From Māori myth to climbing and photography, to gliding and paraponting around its peak, Aoraki-Mt Cook is vividly captured in all its moods in this award-winning NHNZ portrait. Filmed for the centenary of the first ascent of a mountain that has claimed over 100 lives, it follows mountaineers as they climb toward the summit, re-enacting Tom Fyfe's pioneering pre-crampon route. Climbers, including Edmund Hillary, reminisce about encounters with NZ's highest and most iconic peak; and Bruce Grant takes the quick way down: a vertiginous ski descent.
"How would your relationship with your best friend change if they were to change gender?" This is the intriguing proposition that led director Louise Leitch to make this 2016 Loading Doc. Best friends Neil (Leitch's husband) and Byron have been longtime climbing companions, but Byron’s shift from a male to female gender identity at 50 years old provides a challenge to their mateship that differs from any mountaineering obstacle. The mini documentary screened on SBS in Australia. The Spinoff’s Alex Casey called it a "moving, honest examination of an evolving friendship".
In this Nepal-filmed interview for the 70s current affairs show Sir Ed discusses his aid missions in the country and his friendship with its people. The famed explorer talks about the pros and cons of Western influence on Nepal, and visits schools and hospitals he helped to establish. While local Sherpas struggle with iodine deficiencies, western tourists and mountaineers battle altitude sickness. Produced by Mike Gill, the interview includes material on the creation of Sagarmatha National Park, established in 1976 with help from the New Zealand Government.
Shot by photographer Brian Brake as a NFU tourism promo, Snows of Aorangi surveys New Zealand's mountain landscapes. Brake captures stunning imagery: ethereal ice forests, lightning storms, volcanic craters, glaciers, avalanches, kea. Three skiers are mesmerising as they scythe downhill from Almer Hut: "for a little while they've given themselves to the rhythm of sky and earth" runs the James K Baxter-scripted narration. It was the first NZ film to compete for an Oscar, nominated in the Best Short Subject (Live Action) category in 1959.
This episode from the first season of the show celebrating Kiwi heroes pays tribute to the exemplar: Sir Edmund Hillary. The greatest "damned good adventures" of Sir Ed's career (up to then) are bagged: his first peak (Mt Ollivier — reclimbed with son Peter here), trans-Antarctic by tractor, up the Ganges by jet-boat, school and hospital building in Nepal; and of course Everest, whose ascent is recreated with commentary from Hillary. Graeme Dingle provides reflection and presenter Neil Roberts has the last word: "[Sir Ed:] our own bold, bloody-minded magic Kiwi".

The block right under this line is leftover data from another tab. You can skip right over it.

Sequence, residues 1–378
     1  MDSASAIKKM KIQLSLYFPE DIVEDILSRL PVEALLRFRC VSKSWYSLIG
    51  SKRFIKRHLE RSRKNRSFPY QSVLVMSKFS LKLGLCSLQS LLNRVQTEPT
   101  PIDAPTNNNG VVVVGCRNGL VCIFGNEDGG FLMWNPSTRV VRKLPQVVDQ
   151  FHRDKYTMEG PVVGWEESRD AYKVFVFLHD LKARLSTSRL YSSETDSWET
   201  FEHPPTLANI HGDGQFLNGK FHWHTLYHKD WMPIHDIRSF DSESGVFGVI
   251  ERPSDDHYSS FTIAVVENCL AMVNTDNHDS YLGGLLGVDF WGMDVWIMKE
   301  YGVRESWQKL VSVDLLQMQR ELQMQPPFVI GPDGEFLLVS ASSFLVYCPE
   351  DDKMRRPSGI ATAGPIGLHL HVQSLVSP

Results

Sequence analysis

This 1972 NFU documentary follows three climbers (Hugh Canard, Neil Hamilton and pioneering guide Bruce Jenkinson) on an ascent of Mt Aspiring. Directed and photographed by Grant Foster (Land of Birds), the beautifully-shot short film heads up country in the Land Rover. Rivers are crossed in the sun, then the climbers rope up and get the pick axes out. It’s tea, food and harmonica in the hut, then a pre-dawn start (“hell it’s cold!”) before cutting steps and leaping crevasses up the “matterhorn of the south”. The film screened on PBS in the United States.
In this Good Day interview, Alison Parr talks to Sir Edmund Hillary as he discusses From the Ocean to the Sky, a book about his 1977 jet boat mission up India's holy river, The Ganges. A reflective Sir Ed talks adventure, spirituality and his 'escapist' relationship with Nepal; and Parr probes him on his reluctance to include single women on expeditions. On a more outspoken note, he expresses his dismay at a lack of "positive, inspirational leadership" in contemporary NZ in what is arguably a barely disguised attack on the style of Prime Minister Rob Muldoon.
The Adventure World TV series saw Sir Ed lead an A-Team of mates on a run of adventures. The concept was dreamt up by Bob Harvey, who enlisted Roger Donaldson to direct The Kaipo Wall and an (unproduced) Everest trip. Sir Ed and his climbing mate Mike Gill then went DIY and made two half hour films. This mission to climb The Needles — a rock stack off Great Barrier Island — was the first. Peter Mulgrew sails them over, Murray Jones goes parkour on the rocks and scales a kauri, Graeme Dingle surfs a dingy, and Sir Ed is the self-described “peppery co-ordinator”.
Off the Edge was director Michael Firth's ode to the exhilaration of adventuring on the spine of New Zealand's Southern Alps. Something of a snowy Endless Summer, the film follows an American and a Canadian as they ski, hang-glide, walk, climb and delve beneath glaciers, in the Aoraki-Mt Cook area. Thrilling footage amidst requisite spectacular scenery was shot over two seasons, where extreme weather and geography meant few chances for second takes. The film was nominated for an Oscar (Best Documentary in 1977); the LA Times called it "beautiful and awesome".
"The story of a four-day journey from Westland to Canterbury, across the Southern Alps." Narration from the four climbers accompanies spectacular alpine imagery in this classic NFU film. In crevasse country they rope up and climb to "half way across the frozen roof of New Zealand" and share a can of tinned pineapple as reward. At Malte Brun Hut they meet Sir Edmund Hillary, Murray Ellis and Harry Ayres, and they descend together down the Tasman Glacier. Ayres reflects on the Alps as training ground for famous polar and Everest expeditions.